Modi and Lokayukta ruling

Constitutional and peoples mandate at crossroads?


Manoj Kumar | January 31, 2012

The Gujarat Lokayukta ruling has left constitutional mandate to respect federalism, rights of a popularly elected government and scope of governors’ duties and rights at crossroads in the face of interpretation of the provisions of the Gujarat Lokayukta law.

The Gujarat high court ruling also means the institution of Lokayukta is more isolated than ever, also increasing the challenges in its functioning. This is also a follow-on an earlier write-up on this website relating to the challenges being faced by the Lokayukta and the state government of Delhi and their consequential (mis)coordination.

The ruling has raised questions around complex issues around (i) the authority governor of a state to issue a notification appointing a Lokayukta of a state without the aid and advice of the council of ministers, and (ii) consultative process between the chief minister and chief justice.

The crisscross among the chief minister, the governor and the chief justice of the high court and the rejection spree on recommendations made by the council of ministers has raised issues around what the legislature intended on the  ‘consultative process’ for the appointment of a Lokayukta, and what it did not.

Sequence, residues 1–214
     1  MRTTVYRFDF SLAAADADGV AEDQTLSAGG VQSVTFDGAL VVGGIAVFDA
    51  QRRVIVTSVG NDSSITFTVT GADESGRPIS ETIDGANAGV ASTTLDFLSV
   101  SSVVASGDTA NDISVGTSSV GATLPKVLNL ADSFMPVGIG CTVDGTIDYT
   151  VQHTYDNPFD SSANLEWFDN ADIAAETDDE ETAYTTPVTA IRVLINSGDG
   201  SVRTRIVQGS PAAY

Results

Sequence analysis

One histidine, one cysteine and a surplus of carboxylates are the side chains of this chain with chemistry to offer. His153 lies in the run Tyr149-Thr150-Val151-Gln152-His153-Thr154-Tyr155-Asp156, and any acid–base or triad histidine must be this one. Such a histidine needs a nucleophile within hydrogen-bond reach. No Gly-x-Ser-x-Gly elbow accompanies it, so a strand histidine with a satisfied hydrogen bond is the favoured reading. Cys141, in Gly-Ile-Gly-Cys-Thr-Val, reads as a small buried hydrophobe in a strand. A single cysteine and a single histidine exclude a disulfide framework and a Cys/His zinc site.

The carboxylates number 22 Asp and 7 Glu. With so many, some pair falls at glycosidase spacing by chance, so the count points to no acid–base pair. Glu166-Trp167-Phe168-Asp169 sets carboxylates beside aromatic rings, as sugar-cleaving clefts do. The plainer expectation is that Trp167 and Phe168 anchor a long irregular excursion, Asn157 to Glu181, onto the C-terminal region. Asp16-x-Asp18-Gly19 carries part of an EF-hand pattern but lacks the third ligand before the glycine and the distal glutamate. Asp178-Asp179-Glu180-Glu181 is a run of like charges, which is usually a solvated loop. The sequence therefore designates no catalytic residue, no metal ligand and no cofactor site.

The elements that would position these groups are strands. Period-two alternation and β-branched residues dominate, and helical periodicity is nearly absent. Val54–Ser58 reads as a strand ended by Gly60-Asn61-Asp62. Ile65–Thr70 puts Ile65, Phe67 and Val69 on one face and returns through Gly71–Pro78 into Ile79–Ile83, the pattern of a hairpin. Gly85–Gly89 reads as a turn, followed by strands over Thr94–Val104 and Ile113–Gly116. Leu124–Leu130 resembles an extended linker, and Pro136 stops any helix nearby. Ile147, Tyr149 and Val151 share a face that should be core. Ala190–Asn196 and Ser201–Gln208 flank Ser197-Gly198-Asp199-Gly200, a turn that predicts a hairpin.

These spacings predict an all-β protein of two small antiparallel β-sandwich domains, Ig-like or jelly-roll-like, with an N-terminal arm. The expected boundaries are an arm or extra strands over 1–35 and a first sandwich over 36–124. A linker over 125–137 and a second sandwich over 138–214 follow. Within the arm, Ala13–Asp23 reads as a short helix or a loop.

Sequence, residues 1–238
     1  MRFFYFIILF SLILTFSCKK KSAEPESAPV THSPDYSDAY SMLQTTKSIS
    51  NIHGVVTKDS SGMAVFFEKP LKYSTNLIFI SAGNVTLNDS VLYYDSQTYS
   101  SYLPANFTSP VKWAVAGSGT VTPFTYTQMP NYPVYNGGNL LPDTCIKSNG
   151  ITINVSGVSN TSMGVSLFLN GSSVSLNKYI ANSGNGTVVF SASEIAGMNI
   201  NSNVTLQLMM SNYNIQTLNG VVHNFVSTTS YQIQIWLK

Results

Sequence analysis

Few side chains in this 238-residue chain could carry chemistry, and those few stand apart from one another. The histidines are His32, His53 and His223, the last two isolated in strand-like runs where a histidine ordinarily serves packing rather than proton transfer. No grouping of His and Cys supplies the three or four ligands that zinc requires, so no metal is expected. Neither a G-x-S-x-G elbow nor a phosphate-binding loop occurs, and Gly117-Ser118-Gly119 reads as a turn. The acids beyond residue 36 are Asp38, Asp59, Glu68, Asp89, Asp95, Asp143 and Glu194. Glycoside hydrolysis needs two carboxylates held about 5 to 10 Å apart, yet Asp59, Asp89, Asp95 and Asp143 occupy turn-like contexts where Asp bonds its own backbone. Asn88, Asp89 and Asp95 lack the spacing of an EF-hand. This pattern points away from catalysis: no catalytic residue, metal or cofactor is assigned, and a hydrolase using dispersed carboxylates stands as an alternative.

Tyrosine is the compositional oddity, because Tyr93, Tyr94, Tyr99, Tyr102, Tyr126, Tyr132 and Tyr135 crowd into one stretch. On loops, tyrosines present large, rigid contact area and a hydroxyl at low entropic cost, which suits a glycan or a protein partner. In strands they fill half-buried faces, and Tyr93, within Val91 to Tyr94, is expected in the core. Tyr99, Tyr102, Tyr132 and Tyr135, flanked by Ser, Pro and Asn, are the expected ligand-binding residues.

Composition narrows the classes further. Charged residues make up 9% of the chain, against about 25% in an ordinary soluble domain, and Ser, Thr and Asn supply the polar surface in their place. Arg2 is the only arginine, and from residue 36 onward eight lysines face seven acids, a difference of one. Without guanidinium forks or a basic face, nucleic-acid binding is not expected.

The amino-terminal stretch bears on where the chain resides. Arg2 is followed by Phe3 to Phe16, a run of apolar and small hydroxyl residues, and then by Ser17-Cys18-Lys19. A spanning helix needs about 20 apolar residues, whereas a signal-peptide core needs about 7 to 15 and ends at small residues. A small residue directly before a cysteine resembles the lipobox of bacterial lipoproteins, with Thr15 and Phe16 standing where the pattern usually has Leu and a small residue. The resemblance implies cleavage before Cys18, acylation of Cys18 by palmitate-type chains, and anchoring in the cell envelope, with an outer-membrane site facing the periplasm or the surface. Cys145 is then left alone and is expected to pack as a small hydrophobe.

The Gujarat Lokayukta Act, 1986 provides that “…the Lokayukta shall be appointed (read by the governor) after consultation with the chief justice of the high court…”

While the Lokayukta law does not provide any consultation has to be made with the chief minister, the constitution of India provides that the council of ministers is to aid and advice the governor in discharge of his executive functions in the state. The exceptions are where the governor under the constitution is required to exercise functions in his discretion. Therefore, one view has been that the chief minister as the head of the council of ministers automatically has a say in the matter of appointment of Lokayukta under the Gujarat Lokayukta law. Therefore, the governor should make appointment of Lokayukta with the aid and advice of the council of ministers as provided under the constitution.

The judgment however finds that the chief minister had acted in violation of the Gujarat Lokayukta law and the provisions of the constitution by his insistence to recommend the name of Justice (retired) JR Vora for appointment as Lokayukta, who was not accepted by the chief justice since Vora had been appointed director of the Gujarat State Judicial Academy. According to the court, if the choice of the council of ministers headed by the chief minister had been accepted it would have set a pernicious trend and would have propitiated the public functionaries who were likely to fall within the scanner of Lokayukta and destroyed the integrity of institution of Lokayukta as envisaged under the law.

The court found that the chief minister’s action displayed arbitrariness and impudicity which tends to erode the primacy of the opinion of the chief justice. The clear refusal of the chief minister to accept the primacy of opinion of the chief justice had the velocity which had shattered the faith in rule of law which is the essence of democracy and integrity institution of Lokayukta.